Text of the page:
turbotax icon
cancel
Showing results for 
Search instead for 
Did you mean: 
turbotax icon
cancel
Showing results for 
Search instead for 
Did you mean: 
turbotax icon
cancel
Showing results for 
Search instead for 
Did you mean: 
turbotax icon
cancel
Showing results for 
Search instead for 
Did you mean: 
Announcements
Event: Ask the Experts about your refund > RSVP NOW!
Close icon
Do you have a TurboTax Online account?

We'll help you get started or pick up where you left off.

750K limitation rules for multiple unmarried owners of principal residence

I own main home with unmarried friend.  We are both on mortgage and both contribute to mortgage payments. I contribute 40%.  My friend contributes 60%.   Average value of loan is 600K.

In 2023, I purchased a second home with an average balance of 200K.  I pay 100% of that mortgage and am sole owner of mortgage and property.

My question is how to determine if I am subject to 750K limit. 

- Can I use 40% of 600K for main home and 100% for second home - which puts me below the 750K limit and therefore not limited or-

- Must I take 100% of 600K and 100% of 200K to determine my mortgage interest limitation.  

Connect with an expert
x
Do you have an Intuit account?

Do you have an Intuit account?

You'll need to sign in or create an account to connect with an expert.

7 Replies

750K limitation rules for multiple unmarried owners of principal residence

i would say 40% of the first loan + the $200 on the second loan. But whose name is on the 1098-MTGE. If it's you then 

  • Your housemate: Since they didn’t receive a Form 1098, they should list the amount of mortgage interest on Schedule A (Form 1040), line 8b, as “Home mortgage interest not reported to you on Form 1098.”
    • They must also include your name and address as the person who received the Form 1098 reporting the interest they paid.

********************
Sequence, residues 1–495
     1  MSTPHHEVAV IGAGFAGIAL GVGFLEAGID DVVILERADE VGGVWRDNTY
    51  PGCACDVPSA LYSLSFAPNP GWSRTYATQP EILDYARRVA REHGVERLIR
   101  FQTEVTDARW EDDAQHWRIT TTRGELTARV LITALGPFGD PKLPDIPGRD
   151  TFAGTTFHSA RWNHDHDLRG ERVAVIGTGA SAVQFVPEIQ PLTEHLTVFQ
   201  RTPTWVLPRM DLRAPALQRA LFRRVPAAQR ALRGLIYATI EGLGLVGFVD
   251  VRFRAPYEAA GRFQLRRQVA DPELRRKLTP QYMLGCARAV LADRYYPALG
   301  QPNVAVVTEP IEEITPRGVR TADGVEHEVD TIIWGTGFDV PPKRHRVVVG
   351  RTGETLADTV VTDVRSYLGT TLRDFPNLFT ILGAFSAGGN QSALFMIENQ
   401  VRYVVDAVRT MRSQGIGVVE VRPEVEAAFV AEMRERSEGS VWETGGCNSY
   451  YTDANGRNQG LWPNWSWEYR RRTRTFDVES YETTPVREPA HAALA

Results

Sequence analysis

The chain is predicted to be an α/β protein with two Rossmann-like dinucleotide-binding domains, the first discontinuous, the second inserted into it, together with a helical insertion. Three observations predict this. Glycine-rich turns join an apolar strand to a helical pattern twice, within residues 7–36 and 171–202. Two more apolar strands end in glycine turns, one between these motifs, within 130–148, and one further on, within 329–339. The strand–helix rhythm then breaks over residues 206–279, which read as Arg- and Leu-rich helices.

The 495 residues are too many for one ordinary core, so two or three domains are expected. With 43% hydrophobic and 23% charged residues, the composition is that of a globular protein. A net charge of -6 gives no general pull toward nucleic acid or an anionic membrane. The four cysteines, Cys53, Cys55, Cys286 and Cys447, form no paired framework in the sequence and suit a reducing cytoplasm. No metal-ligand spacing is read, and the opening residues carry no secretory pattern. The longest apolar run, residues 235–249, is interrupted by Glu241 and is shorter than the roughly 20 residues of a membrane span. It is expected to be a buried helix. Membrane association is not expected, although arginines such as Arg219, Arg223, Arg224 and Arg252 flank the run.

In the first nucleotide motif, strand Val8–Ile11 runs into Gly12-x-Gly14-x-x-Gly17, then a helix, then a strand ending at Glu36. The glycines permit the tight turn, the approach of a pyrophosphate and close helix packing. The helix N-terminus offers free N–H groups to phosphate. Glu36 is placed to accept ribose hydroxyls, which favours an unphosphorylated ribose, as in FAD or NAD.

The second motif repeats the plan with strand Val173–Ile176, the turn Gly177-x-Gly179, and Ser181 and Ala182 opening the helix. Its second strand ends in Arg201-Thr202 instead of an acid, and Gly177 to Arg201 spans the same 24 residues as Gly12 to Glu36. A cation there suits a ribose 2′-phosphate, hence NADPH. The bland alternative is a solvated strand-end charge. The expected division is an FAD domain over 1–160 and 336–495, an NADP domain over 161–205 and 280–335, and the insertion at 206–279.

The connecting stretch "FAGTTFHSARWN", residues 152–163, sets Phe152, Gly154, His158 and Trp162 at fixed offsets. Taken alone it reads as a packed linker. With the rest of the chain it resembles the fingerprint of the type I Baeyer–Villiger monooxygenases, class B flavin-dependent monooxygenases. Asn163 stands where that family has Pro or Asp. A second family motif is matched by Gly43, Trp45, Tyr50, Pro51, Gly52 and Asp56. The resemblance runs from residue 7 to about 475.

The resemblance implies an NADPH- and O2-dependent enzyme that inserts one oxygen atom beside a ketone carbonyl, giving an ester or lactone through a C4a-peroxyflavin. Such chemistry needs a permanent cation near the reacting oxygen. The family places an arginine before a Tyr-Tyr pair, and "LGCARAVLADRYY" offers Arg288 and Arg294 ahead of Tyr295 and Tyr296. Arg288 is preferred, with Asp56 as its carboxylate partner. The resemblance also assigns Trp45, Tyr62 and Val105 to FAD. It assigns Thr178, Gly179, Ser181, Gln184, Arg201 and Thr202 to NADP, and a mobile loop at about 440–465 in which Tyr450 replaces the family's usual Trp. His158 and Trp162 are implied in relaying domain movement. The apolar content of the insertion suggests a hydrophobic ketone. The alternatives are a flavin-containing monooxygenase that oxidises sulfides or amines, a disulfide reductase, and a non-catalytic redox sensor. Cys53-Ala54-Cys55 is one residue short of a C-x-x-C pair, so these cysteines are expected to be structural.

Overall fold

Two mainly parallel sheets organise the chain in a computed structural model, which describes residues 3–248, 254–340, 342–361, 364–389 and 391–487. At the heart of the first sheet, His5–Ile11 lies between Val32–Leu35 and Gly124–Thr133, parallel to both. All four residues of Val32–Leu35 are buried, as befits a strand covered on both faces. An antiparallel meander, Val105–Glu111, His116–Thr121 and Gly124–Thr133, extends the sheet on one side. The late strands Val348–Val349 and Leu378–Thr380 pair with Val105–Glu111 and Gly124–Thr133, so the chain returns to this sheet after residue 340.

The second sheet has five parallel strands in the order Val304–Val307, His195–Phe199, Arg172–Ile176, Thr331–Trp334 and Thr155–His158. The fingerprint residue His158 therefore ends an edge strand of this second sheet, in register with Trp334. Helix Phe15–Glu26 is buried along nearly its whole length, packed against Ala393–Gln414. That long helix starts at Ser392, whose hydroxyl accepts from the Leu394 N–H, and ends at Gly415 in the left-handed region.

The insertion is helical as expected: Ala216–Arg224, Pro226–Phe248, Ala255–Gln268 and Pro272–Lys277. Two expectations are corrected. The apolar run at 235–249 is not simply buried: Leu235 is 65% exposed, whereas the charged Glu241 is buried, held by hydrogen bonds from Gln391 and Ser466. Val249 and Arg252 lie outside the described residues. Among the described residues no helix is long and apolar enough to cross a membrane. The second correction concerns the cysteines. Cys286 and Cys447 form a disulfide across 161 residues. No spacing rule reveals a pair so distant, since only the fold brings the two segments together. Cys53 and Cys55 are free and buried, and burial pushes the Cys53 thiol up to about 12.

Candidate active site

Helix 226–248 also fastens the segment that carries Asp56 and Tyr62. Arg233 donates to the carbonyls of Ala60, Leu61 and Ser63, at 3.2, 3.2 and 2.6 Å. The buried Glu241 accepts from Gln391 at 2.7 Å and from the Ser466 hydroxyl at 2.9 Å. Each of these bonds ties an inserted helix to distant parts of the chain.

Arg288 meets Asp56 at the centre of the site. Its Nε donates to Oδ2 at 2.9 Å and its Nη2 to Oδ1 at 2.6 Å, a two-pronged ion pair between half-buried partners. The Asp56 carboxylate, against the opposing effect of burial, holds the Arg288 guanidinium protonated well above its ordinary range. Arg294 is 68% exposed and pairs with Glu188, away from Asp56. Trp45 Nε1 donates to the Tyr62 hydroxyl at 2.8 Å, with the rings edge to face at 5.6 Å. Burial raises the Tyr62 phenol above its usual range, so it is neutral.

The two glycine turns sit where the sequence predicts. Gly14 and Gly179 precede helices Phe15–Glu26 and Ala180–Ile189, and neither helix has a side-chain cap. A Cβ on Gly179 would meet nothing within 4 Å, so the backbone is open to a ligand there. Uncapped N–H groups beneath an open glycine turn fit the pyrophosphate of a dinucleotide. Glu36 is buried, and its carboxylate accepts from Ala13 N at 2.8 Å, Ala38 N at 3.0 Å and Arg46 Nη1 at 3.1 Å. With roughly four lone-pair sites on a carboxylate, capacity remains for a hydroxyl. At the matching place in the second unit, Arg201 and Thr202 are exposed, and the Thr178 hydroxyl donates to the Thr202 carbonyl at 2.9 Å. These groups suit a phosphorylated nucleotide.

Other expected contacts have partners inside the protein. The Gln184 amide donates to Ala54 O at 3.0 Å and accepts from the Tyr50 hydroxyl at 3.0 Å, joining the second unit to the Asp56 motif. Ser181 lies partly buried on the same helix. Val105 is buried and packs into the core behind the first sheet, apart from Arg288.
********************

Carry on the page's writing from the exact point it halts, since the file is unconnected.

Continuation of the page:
• If your housemate files a paper return, they should attach an explanation of how much interest each of you paid and print “See attached” next to line 8b.

750K limitation rules for multiple unmarried owners of principal residence

Both names are on the 1098 and the mortgage.  I would therefore assume from your answer that I can take f

40% of the 600K and 100 % of the 200K and therefore have not limitations since using this example my total average mortgage for the two mortgages would be 240K plus 200K and therefore below the 750K and therefore no limitation of my total interest paid.  Please clarify if I am interpreting your response correctly and whether having both names on 1098 makes a difference in your response.  Thank you.

PatriciaV
Employee Tax Expert

750K limitation rules for multiple unmarried owners of principal residence

Yes, you are correct that you would apply 40% to the information on Form 1098 for the first mortgage. The co-owner would report 60%. Since both names are on the 1098, no special treatment is necessary beyond the allocation.

**Say "Thanks" by clicking the thumb icon in a post
**Mark the post that answers your question by clicking on "Mark as Best Answer"